“When Jim and I learned of Michael’s recognition as the ICCTA Outstanding Full Time Faculty and that he was a Highland Community College graduate, we invited him to serve as our Commencement speaker for 2022. When he returned to campus in May 2022 to be our commencement speaker, Jim and I had the opportunity to meet him for the first time. As we toured campus and ate lunch, he shared fondly his memories of campus and the instructors that positively impacted his life. It is clear he is proud to be a Highland alum, and it is clear his passion for teaching began at HCC. Toward the end of his campus tour, he said, “if Highland wants to be a comprehensive community college, it has succeeded. There is something here for everyone.” Having been away from campus for a long time, it was clear he understood “it’s all here.”
“Those that were able to attend the 2022 Commencement Ceremonies, heard Michael’s passion for education, his own journey (including his Highland story), and his lessons learned. He challenged the graduates to, “build on the progress you’ve made while attending Highland and embrace the change that becomes you.” He also shared, “at some point in the near future, you will look back upon your time at Highland and realize that this was a pivotal, transformational time in your life.” Frankly, Michael’s commencement speech was one of the best, if not the best, that I have heard over my many years of attending community college graduations.
“I will wrap this up by sharing Michael’s own words. “Education is a vehicle to a better career and overall quality of life, but education means so much more than a career path or income. Education leads to thinking, informed decision making, questioning, and changing our mind. I want my students to be professionally successful, but more than that I want my students to discover what they are passionate about, what they care about, and what really matters to them.”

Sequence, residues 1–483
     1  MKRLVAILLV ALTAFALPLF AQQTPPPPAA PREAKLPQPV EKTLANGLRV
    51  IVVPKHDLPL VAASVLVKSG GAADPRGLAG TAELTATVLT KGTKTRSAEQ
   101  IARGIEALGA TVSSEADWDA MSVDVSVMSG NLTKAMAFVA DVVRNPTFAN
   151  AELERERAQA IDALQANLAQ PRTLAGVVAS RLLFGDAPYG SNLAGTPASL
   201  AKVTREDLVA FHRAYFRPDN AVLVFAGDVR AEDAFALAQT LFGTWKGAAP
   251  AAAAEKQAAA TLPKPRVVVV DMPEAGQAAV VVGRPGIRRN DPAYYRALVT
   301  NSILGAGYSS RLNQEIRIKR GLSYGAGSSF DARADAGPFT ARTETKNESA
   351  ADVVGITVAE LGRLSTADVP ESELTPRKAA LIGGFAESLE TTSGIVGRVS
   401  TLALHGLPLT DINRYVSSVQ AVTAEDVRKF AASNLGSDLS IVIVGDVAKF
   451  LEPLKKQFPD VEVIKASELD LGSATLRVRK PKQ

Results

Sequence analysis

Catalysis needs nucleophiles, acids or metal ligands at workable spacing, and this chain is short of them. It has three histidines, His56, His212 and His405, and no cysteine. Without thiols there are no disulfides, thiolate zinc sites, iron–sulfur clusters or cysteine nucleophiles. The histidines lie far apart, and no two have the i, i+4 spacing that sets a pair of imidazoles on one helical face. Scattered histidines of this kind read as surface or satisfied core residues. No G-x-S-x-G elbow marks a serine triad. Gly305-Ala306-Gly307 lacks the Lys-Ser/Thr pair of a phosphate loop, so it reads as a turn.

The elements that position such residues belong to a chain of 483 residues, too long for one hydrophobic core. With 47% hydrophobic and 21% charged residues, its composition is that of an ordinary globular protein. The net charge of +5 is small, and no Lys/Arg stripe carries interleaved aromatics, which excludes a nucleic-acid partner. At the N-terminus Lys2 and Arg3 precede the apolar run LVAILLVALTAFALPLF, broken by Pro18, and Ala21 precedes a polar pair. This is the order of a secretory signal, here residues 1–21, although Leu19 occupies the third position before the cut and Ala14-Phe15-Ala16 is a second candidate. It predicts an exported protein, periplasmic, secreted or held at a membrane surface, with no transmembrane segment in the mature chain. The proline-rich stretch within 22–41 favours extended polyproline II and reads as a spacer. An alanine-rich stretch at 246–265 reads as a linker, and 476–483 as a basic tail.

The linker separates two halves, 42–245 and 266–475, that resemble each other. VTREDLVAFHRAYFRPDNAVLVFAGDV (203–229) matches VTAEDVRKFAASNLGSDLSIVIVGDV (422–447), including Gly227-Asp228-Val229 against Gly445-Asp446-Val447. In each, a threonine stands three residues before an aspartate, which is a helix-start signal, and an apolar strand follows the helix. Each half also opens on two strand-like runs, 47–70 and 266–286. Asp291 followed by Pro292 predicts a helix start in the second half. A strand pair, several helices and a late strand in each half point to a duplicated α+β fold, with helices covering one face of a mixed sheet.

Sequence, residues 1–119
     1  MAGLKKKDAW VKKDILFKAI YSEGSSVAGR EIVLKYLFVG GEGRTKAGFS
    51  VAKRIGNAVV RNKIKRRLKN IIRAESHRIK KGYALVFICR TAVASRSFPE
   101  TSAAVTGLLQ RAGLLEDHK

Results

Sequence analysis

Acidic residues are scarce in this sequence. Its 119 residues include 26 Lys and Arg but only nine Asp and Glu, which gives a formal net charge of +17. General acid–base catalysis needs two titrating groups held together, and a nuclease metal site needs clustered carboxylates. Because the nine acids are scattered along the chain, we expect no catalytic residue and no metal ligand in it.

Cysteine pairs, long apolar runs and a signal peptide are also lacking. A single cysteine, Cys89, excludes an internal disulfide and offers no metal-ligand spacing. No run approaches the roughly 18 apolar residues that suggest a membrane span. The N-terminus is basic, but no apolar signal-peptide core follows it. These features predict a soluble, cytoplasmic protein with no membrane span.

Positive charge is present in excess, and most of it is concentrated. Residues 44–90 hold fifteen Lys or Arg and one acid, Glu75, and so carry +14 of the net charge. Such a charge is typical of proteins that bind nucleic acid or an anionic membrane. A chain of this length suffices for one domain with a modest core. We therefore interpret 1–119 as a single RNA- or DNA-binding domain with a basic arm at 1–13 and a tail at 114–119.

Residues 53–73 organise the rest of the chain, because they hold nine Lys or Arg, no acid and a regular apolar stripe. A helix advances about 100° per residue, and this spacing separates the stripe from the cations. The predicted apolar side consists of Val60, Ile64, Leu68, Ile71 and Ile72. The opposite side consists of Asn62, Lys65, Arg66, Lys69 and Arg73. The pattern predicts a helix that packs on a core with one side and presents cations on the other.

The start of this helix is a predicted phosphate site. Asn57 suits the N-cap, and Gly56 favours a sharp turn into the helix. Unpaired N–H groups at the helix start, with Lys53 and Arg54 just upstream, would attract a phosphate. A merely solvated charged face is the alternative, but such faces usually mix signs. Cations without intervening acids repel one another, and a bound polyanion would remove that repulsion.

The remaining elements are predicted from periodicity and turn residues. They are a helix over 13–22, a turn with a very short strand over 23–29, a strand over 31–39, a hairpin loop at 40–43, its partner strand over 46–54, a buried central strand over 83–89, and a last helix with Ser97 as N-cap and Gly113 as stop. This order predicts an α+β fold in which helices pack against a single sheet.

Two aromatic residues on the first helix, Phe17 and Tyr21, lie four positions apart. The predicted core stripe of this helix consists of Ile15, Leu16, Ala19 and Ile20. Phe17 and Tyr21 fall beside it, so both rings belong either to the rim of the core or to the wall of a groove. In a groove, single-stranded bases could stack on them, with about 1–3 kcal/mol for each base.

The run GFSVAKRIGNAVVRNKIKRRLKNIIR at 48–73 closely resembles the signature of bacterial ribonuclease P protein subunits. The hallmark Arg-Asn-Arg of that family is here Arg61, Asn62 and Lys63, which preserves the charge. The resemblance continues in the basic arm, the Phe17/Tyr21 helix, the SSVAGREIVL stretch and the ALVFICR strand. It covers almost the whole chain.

“It is evident that Michael has distinguished himself as an educator, so it is quite fitting that he be recognized by his alma mater as a Distinguished Alum. Congratulations Michael!”
Michael Maher’s Acceptance Speech
“My sincere thanks to Highland Community College Foundation, President Kuberski, and Mr. Jim Phillips for graciously nominating me for this award. Being here this evening to receive this honor is part of a personal journey that began 31 years ago.
“Upon graduating from Lena-Winslow high school in 1991, I entered Highland as an underperforming student. Despite the best efforts of many excellent teachers at Lena-Winslow high school, my only academic motivation in high school was to perform well enough to remain academically eligible to play basketball. Fortunately, I was raised by two college-educated parents and I had three, older, college-educated siblings. As a result, the expectation that I attend college was a foregone conclusion. Due to my family’s financial limitations and the fact that I was academically and emotionally ill-equipped to move away from home and begin college at a state university, Highland was my best option.